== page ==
Vietnamese / Storage Jar / 15th-16th centuryVietnamese
Storage Jar
15th-16th century

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Creator Nationality: Asian; Southeast Asian; Vietnamese
Creator Name-CRT: Vietnamese
Title: Storage Jar
View: Full View
Creation Start Date: 1400
Creation End Date: 1599
Creation Date: 15th-16th century
Creation Place: Vietnam, possibly Champa
Object Type: Decorative Arts and Utilitarian Objects
Classification Term: Ceramics
Materials and Techniques: Stoneware with incised design under glaze (Go-Sanh ware)
Dimensions: H. 13 1/8 in. (33.3 cm); D. 12 in. (30.5 cm)
AMICA Contributor: Asia Society
Owner Location: New York, New York, USA
ID Number: 1979.096
Credit Line: Asia Society: The Mr. and Mrs. John D. Rockefeller 3rd Collection
Context: The history of pottery in Southeast Asia reflects complicated relationships among the ceramics of the region's different countries and peoples, as well as with the ceramics of China to the north. This stunning jar dating from the 15th to 16th centuries illustrates some of the similarities and differences between Chinese and Southeast Asian ceramics. The shape of the jar and in particular the presence of four lugs on the shoulders can be loosely related to several traditional Chinese forms such as the so-called martaban jars that were used to export pickles and wine from China to all of Southeast Asia. The lugs were most likely used to tie down some type of cover, suggesting that this jar was used for storage as well. In addition, the decoration of chrysanthemums incised beneath the glaze is a longstanding motif in Chinese art, often used as a symbol of longevity. The free-flowing treatment of the flowers and leaves, however, is distinctive and has no parallels in Chinese art.

This jar has generally been classified as Vietnamese because of its brown glaze, as ceramics covered with this type of glaze were made in some number in that part of mainland Southeast Asia. The sketchy flowers and leaves incised underneath the glaze, however, do not commonly appear on other examples of early Vietnamese ceramics, most of which are believed to have been produced in northern Vietnam. In addition, works from northern Vietnam have heavier bodies and thicker glazes than this jar. Shards discovered in 1974 near the unexcavated kiln site at Go-Sanh and nearby villages in central Vietnam, though, provide interesting parallels to this jar's body and decorative method. Very thinly potted stonewares with reddish bodies and translucent caramel-colored glazes--both of which this jar shares--were among the type of ceramics found at Go-Sanh. Some of these ceramics also have very indistinct decoration that parallels the sketchy flowers incised here.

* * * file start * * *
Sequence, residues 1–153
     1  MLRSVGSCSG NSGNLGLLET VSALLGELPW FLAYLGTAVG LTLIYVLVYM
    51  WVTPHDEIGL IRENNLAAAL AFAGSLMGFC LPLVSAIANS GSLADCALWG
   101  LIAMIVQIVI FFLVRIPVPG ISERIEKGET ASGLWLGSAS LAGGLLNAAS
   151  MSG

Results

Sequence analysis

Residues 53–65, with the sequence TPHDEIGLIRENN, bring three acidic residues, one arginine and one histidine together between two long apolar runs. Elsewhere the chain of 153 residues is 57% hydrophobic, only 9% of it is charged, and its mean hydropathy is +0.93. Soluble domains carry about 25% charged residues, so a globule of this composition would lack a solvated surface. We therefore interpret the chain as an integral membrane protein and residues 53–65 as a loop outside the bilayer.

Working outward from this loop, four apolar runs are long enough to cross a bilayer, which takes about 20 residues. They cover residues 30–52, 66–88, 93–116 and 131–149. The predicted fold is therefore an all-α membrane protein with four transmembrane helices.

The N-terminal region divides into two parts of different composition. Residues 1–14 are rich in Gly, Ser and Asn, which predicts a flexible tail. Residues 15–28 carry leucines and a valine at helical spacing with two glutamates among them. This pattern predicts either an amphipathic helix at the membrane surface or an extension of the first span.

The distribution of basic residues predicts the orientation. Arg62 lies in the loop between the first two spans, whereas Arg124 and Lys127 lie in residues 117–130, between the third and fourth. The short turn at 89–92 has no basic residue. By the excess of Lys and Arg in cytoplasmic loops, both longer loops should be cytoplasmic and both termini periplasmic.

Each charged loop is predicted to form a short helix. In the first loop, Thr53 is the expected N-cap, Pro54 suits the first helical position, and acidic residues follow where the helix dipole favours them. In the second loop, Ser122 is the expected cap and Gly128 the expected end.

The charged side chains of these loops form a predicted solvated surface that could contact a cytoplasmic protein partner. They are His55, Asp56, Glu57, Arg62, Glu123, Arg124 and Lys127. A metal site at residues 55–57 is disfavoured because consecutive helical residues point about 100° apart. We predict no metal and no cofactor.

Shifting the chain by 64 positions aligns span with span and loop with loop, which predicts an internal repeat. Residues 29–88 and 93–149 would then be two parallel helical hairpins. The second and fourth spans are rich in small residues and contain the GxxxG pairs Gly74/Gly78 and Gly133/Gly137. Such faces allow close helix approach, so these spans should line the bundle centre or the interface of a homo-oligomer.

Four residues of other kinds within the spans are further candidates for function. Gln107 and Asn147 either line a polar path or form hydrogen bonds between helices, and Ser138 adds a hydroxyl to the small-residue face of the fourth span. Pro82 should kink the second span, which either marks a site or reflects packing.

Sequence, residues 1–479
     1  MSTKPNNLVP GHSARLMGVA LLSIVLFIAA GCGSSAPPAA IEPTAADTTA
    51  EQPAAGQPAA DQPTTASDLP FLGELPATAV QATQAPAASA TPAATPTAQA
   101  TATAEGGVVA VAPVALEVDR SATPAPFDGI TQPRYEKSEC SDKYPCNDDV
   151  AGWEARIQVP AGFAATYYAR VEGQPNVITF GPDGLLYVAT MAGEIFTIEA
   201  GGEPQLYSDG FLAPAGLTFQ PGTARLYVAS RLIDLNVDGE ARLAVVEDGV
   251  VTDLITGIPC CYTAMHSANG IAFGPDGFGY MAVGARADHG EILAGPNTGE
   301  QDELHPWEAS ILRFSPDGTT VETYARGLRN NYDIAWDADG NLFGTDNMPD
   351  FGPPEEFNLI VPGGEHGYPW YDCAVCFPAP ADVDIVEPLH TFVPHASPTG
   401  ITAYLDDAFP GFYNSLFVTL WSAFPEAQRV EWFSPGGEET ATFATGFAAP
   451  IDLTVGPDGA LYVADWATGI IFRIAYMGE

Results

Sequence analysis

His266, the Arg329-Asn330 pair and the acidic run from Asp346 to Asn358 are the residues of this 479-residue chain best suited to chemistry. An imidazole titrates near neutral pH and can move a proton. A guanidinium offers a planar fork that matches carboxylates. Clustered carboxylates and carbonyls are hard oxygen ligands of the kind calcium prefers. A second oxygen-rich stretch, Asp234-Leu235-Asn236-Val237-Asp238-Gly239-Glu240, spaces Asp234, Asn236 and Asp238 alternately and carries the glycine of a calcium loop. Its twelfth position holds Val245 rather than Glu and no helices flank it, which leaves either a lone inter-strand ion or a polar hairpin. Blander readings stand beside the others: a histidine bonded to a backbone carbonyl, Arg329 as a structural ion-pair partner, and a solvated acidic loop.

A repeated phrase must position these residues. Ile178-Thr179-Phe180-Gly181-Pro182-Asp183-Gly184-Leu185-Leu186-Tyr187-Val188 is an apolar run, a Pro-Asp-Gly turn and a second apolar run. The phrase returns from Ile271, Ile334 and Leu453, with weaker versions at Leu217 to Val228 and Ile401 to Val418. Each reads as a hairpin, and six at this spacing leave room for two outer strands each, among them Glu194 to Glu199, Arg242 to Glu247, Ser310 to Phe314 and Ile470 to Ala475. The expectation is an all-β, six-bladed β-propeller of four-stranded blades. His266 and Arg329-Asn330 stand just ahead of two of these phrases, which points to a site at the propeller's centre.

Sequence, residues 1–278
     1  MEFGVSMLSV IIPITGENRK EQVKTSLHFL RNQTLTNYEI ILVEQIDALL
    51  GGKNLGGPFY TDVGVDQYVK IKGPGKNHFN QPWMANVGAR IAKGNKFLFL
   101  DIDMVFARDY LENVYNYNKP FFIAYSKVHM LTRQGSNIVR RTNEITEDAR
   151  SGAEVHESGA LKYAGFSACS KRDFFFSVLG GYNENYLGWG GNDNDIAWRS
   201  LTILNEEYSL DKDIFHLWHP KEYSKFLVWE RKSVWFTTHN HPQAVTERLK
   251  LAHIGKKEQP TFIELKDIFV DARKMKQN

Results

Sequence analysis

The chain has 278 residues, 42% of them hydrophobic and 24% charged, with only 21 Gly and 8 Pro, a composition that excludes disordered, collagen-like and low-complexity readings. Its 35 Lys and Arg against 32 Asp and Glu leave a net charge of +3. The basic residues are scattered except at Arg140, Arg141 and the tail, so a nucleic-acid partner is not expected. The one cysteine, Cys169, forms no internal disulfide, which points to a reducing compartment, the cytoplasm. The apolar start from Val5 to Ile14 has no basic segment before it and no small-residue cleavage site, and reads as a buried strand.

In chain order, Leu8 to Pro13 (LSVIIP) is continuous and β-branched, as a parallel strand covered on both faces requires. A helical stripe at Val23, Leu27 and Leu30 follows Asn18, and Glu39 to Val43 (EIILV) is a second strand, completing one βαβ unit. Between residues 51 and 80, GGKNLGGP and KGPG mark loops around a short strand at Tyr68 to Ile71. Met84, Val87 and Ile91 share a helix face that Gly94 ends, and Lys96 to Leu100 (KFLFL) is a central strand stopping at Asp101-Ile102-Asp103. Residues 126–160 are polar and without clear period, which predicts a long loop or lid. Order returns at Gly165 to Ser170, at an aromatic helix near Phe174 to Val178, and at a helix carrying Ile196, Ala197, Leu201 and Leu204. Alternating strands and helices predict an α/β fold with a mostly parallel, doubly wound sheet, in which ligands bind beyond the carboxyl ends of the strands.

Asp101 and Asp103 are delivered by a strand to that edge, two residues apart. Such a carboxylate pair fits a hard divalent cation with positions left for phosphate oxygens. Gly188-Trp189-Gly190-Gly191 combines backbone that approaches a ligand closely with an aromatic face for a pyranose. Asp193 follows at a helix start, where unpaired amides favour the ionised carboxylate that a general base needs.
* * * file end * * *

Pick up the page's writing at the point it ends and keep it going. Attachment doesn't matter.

These parallels suggest that the jar may be an example of ceramics produced in central rather than northern Vietnam. From about the 3rd century to 1471, this area was controlled by the kingdom of Champa, one of the most important but little-studied kingdoms in the history of mainland Southeast Asia. The strategic location of Champa along the southeastern Vietnamese coast made it an important component of the trade in luxury goods that linked mainland Southeast Asia with the islands of Indonesia, China, and other parts of the world from at least the 8th century onward. Ceramics similar to fragments found at Go-Sanh have been found in the Philippines and Indonesia, linking this kiln site to international trade; they are also known to have been treasured family heirlooms, passing through generations as ritual objects in some areas of Southeast Asia.

Related Document Description: Asia Society. Handbook of the Mr. and Mrs. John D. Rockefeller 3rd Collection. New York: Asia Society, [1981], p. 46.
Related Document Description: Frasché, Dean F. Southeast Asian Ceramics: Ninth Through Seventeenth Centuries. New York: Asia Society in association with John Weatherhill, 1986, pp. 94, 99, 138.
Related Document Description: Sutton, Denys. 'Search for Perfection.' Apollo (November 1983), p. 365.
AMICA ID: ASIA.1979.096
AMICA Library Year: 1998
Media Metadata Rights: Copyright, Asia Society

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